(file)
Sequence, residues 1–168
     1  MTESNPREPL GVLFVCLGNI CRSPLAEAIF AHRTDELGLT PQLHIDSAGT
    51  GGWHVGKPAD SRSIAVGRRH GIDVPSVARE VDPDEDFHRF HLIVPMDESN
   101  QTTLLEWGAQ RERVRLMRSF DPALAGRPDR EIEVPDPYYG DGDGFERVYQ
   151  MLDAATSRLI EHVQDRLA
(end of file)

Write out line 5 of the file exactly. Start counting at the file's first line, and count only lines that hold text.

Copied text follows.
   151  MLDAATSRLI EHVQDRLA